Isn’t it interesting how hearing a specific song can bring a special memory back or make you feel happy or quiet or pumped up? People are born capable of knowing the difference between music and noise. In fact, our brains have different pathways to process different music parts including pitch, melody , rhythm and tempo. And, fast music can actually increase your heart rate, breathing, and blood pressure, while slower music tends to have the opposite effect.
Enjoyment goes much further than the present moment, as it directly affects the outcome of our hormones and cognitive functioning. While research has suggested that people who play instruments are smarter, the music enthusiasts also get plenty of benefits.
Here’s a list of 10 benefits of music listening:
- According to a small 2010 study, music reduces levels of stress hormone cortisol almost as well as massage therapy. Randomly, scientists assigned anxious patients to listen to music during massage therapy or while they were lying in a dim room. People who only listened to music had the same reduction in anxiety after three months as those who also had massages.
- Listening to happy music at work can help you accomplish tasks faster, particularly if you’re doing anything boring like checking emails or filing documents. One research found that surgeons’ precision and performance increased when they were operating in the background with the music of their choosing. Researchers at Cornell University have find that upbeat tunes help staff collaborate and make group decisions that contribute to the good of the team.
- Before surgery listening to music was shown to relieve anxiety and reduce the need for sedatives. − It helps to reduce discomfort following surgery. An review of 73 research reported in the Lancet in 2015 found that listening to music before, during or after surgery enhances rates of anxiety and pain, suggesting less pain medication.
- People come up with more creative solutions when they listen to happy, upbeat music than when they sit in silence, according to researchers from the Netherlands and Australia. It may be because music improves your brain’s flexibility or because it relaxes you enough for the creative juices to flow. But don’t play the music too loudly; research also has found that moderate volume provides the creativity sweet spot.
- When you listen to music, your brain releases dopamine, the same neurotransmitter that’s released when you eat chocolate or have sex. One study found that just the anticipation of knowing the best part of a song is coming can get the dopamine flowing.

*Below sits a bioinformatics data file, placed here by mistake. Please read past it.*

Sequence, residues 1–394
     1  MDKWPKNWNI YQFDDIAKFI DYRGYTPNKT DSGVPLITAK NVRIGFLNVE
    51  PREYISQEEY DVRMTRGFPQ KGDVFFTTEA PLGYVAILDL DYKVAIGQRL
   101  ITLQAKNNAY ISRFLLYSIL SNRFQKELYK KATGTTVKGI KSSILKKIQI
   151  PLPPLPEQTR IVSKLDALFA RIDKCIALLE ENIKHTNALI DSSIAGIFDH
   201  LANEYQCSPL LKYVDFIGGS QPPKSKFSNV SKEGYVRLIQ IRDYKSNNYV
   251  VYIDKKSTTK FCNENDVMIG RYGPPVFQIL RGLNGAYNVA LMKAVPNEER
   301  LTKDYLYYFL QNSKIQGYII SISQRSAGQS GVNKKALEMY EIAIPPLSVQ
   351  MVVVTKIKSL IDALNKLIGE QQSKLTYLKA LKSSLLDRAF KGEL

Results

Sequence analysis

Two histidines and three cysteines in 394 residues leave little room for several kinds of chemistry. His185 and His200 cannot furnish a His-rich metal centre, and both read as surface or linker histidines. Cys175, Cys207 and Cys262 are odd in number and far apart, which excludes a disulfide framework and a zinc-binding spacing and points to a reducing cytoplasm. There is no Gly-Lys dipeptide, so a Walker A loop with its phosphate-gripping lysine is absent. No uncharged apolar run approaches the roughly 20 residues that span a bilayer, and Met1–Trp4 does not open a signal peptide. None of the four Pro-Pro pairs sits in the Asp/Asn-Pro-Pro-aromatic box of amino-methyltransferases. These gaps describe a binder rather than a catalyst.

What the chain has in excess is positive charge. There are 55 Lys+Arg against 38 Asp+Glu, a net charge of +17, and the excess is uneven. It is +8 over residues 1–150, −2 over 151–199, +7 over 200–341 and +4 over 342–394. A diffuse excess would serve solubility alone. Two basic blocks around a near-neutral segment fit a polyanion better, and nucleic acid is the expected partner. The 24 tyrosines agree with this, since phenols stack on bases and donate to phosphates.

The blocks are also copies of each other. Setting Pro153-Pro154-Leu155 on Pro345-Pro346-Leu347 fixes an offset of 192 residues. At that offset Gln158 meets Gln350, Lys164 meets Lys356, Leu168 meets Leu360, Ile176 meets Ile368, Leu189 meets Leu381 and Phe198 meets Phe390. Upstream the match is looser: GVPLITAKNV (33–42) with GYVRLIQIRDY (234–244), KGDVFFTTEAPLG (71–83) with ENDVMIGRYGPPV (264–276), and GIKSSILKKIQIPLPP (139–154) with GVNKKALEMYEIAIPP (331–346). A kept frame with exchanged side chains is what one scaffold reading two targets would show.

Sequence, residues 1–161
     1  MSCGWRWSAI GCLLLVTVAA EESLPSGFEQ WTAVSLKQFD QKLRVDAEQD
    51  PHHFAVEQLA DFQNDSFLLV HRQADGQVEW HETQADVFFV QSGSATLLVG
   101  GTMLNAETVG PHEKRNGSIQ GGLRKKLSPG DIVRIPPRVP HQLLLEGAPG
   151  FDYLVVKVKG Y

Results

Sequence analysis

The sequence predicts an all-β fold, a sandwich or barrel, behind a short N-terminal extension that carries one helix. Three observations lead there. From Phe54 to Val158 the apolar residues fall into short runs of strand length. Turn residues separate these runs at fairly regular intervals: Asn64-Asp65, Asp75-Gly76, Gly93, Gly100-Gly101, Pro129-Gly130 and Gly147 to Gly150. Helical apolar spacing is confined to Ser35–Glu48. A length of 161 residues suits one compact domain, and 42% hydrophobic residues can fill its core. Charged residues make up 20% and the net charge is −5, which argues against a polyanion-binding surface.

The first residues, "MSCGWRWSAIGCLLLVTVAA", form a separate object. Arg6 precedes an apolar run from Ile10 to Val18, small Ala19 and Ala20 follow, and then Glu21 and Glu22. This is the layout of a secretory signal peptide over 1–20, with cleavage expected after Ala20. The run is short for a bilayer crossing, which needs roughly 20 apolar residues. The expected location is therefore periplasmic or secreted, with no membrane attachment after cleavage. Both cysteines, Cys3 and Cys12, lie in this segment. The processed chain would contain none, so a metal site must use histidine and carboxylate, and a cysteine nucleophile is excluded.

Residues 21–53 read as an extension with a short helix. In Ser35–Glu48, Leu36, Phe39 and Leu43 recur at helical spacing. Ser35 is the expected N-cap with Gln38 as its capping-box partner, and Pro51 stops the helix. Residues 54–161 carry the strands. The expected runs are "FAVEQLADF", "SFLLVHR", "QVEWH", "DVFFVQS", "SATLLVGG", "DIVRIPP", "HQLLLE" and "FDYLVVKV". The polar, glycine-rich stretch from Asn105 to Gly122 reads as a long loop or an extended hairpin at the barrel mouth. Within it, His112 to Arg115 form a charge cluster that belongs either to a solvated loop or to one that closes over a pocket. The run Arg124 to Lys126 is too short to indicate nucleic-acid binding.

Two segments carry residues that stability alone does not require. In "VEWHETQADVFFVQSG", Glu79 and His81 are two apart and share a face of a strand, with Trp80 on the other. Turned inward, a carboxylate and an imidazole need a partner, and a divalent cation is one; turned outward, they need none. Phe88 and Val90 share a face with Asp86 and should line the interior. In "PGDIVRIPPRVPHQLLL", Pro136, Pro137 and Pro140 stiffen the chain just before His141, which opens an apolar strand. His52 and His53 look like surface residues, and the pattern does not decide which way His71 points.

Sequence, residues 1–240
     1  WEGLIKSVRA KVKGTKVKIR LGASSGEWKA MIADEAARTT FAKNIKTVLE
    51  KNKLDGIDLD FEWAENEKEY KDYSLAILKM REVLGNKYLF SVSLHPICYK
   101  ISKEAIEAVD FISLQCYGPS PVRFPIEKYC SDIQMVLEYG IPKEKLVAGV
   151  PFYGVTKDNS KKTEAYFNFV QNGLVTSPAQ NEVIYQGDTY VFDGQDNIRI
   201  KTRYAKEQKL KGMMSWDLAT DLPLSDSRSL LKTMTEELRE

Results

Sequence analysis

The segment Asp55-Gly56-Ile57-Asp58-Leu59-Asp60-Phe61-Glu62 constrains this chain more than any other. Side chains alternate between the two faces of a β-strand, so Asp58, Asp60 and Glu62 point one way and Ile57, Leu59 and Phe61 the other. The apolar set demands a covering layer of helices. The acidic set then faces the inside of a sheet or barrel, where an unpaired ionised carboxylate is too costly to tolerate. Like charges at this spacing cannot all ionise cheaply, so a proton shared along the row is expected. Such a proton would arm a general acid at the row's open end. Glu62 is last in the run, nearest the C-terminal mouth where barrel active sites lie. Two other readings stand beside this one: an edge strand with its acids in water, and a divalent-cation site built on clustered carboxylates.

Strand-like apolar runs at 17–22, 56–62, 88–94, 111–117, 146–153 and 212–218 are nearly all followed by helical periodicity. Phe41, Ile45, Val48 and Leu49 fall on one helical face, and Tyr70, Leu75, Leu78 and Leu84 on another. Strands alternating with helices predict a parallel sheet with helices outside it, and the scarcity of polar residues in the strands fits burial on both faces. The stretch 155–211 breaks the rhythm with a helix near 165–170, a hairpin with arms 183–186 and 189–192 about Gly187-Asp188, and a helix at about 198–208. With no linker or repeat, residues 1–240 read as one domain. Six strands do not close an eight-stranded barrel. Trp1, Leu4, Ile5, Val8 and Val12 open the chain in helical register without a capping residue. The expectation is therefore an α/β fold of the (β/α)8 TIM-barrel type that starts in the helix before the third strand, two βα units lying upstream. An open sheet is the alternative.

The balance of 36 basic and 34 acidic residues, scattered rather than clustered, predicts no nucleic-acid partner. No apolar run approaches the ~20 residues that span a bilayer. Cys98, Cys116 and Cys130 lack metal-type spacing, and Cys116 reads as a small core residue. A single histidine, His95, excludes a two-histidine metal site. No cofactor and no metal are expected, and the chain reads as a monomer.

- Feel like quitting a workout? Whether you’re running, biking or walking, you’ll go farther if you pump up the jams, studies have found. Music distracts you from your discomfort and motivates you to stay with the beat. The effect is so profound that the author of a 2012 review examining the psychological effects of music on exercise called music “a type of legal performance-enhancing drug”.
- That rush of energy you feel when you put on your best power song is real. University-age men who were studied doing squats while listening to a favourite song took off more explosively and performed reps at greater speeds than those doing them in silence, one study found. People also run faster and hold heavy weights longer when listening to music.
- Listening to music before bed can help you fall asleep faster, wake up less often during the night, and feel more rested in the morning, according to the US National Sleep Foundation. In one study conducted in Taiwan, seniors with sleep problems who listened to 45 minutes of soft, slow music before bed reported a 35 per cent improvement in the duration of their shut-eye and less dysfunction throughout the day.
- Music has been used to heal for centuries, and now we’re learning why it works. The latest meta-analysis of 400 studies finds that l istening to music promotes the body’s production of an antibody (called i mmunoglobulin A) that attacks viruses and bacteria, as well as natural ‘ killer cells’, which kill invading viruses and cancerous cells.
- Time does fly when you’re listening to music: scientists have shown repeatedly that people judge a period of waiting as shorter when music is playing. Retailers use that to their advantage, playing music so you stay longer and spend more.
Music exerts a mighty influence on people. It can boost memory, build endurance of the task, lighten your mood, reduce anxiety and depression, stave off tiredness, improve pain response and help you to work out more effectively.
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